Obrazy na stronie

66 No fonder husband in the grove,

“ Nor none than thee a happier wife.

" I'll lead thee to the clearest rill,

“ Whose streams among the pebbles stray ; 56 There will we fit and fip our fill,

“ Or on the flow'ry border play.

" I'll guide thee to the thickest brake,

“ Impervious to the school-boy's eye: “ For thee the plaster'd neft I'll make,

“And on thy downy pinions lie,

" To get thee food I'll range the fields,

“ And cull the best of every kind; " Whatever uature's bounty yields,

" Or love's afsiduous care can find.

" And when my lovely mate would stray,

To taste the summer's sweets at large, " At home I'll wait the live-long day,

“ And tend at home our infant charge.

" When prompted by a mother's care

“ Thy warmth shall form th'imprison'd young, “ With thee the task I'll fondly share,

“ Or cheer thy labours with my song."

He ceas'd his song. The melting dame

With tender pity heard his strain; She felt, she own'd a mutual flame,

And haften'd to relieve his pain,


He led her to the nuptial bower,

And nestled closely to her fide,
The happiest bridegroom in that hour,

And she the most enamour'd bride.

Next morn he wak'd her with a song

6. Arise! behold the new-born day! “ The lark his martin peal has rung ;

Arise, my love, and come away!



Togother through the fields they stray'd,

And to the verdant riv'let's fide, Renew'd their vows, and hopp'd and play'd,

With honest joy and decent pride.

But O! my muse with pain relates

The mournful sequel of my tale : Sent by an order of the fates

A gunner met them in the vale.

Alarm'd, the lover cry'd, “ My dear,

“ Hafte, haste away; from danger fly! Here, gunner, turn thy vengeance, here!

" O! spare my love, and let me die.”

At him the gunner took his aim ;

The aim he took was much too true; O! had he chose some other game,

Or shot as he had us'd to do* !

Divided pair! forgive the wrong,

While I with tears your fate rehearse:

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• Never having killed any thing before or lince.

I'll Join the widow's plaintive song,
And save the lover in



The emotions which this song produced in my bosom, awaked me; and I immediately recollected, that, while

, I slept, my imagination had repeated “ an elegy occaI “ fioned by shooting a blackbird on Valentine's day," which had a few days before been communicated to me by a gentleman, who is not only eminent for taste, literature and virtue, but for his zeal in defence of that religion, which most strongly inculcates compassion to inferior natures, by the example of its Divine Author, who gave the most ftupendous proof of his compassion for ours.

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No. XXXVIII. Saturday, March 17. 1753.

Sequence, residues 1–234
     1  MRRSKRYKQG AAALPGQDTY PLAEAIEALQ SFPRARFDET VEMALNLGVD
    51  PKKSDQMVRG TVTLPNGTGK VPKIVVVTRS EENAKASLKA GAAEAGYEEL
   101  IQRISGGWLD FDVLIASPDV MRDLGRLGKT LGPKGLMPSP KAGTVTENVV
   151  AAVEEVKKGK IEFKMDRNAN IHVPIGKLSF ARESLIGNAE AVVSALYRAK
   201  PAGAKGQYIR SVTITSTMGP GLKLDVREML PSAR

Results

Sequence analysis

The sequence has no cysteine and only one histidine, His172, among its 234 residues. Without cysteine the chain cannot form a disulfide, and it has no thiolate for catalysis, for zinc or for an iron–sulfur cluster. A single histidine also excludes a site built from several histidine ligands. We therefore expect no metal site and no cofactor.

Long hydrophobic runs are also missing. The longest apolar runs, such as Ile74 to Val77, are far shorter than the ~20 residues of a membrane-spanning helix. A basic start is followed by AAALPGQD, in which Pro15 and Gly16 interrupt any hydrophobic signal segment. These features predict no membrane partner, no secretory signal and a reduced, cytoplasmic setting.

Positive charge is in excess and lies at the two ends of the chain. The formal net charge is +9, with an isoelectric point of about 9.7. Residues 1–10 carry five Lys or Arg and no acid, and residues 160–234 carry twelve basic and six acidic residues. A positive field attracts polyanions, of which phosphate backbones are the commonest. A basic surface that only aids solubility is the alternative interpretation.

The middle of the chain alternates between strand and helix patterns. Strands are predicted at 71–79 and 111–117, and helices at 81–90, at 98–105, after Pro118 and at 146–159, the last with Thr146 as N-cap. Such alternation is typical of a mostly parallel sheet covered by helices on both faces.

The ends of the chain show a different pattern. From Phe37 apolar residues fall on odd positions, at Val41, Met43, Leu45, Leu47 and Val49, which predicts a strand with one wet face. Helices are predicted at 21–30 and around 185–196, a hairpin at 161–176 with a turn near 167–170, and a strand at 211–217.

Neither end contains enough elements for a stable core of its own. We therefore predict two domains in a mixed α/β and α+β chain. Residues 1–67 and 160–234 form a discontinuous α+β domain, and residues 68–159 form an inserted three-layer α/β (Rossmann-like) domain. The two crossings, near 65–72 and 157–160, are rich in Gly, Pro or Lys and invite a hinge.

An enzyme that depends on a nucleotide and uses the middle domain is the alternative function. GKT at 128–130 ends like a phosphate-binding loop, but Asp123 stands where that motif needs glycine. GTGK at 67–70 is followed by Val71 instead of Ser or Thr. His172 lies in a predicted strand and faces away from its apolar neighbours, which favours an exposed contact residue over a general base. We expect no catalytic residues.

Ev yeep dn ó aroqnuc piros, a Isoos oplocas sospetyg
susgyermy, sumn si admBorge,


Pythagoras being asked in what man could resemble

the Divinity, juftly answered, “ in beneficence and truth."

In the Persian chronicle of the five hundred and thir

teenth year of the Heigyra,

it is thus written.

Of the Letter of CosROU the Iman. It pleased our mighty sovereign Abbas Carascan, froma whom the kings of the earth derive honour and dominion, to fet Mirza, his fervant over the province of Tauris. In the hand of Mirza, the balance of distribution was suspended with impartiality; and under his administration the weak were protected, the learned received bonour, and the diligent became rich: Mirza, therefore, was beheld by every eye with complacency, and every tongue pronounced blessings upon his head. But it was observed that he derived no joy from the benefits which he diffused : he became penfive and melancholy; he spent his leisure in folitude; in his palace he sat motionless upon a sofa : and when he went out, his walk was flow, and his eyes


fixed upon

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upon the ground: he applied to the business of state with reluctance ; and resolved to relinquish the toil of government, of which he could no longer enjoy the reward.

He, therefore, obtained permission to approach the throne of our sovereign ; and being asked what was his request, he made this reply! “ May the Lord of the “ world forgive the slave whom he has honoured, if “ Mirza presume again to lay the bounty of Abbas at 56 his feet.

Thou haft given me the dominion of a country, fruitful as the gardens of Damascus; and a “ city, glorious above all others, except that only " which reflects the splendor of thy presence. But the “ longest life is a period fcarce fufficient to prepare for " death: all other business is vain and trivial, as the “ toil of emmets in the path of the traveller, under “ whose foot they perish for ever; and all enjoyment “ is unsubstantial and evanescent, as the colours of the 66 bow that

appear in the interval of a storm. Suffer me, therefore, to prepare for the approach of eter“ nity; let me give up my soul to meditation : let so“ litude and filence acquaint me with the mysteries of " devotion; let me forget the world, and by the world “ be forgotten, till the moment arrives, in which the “ veil of eternity shall fall, and I shall be found at the " bar of the Almighty.” Mirza'then bowed himself to the earth, and stood silent.

By the command of Abbas it is recorded, that at these words he trembled upon that throne, at the footftool of which the world pays homage: he looked round upon his nobles; but every countenance was pale, and ery eye was upon the earth.



No man

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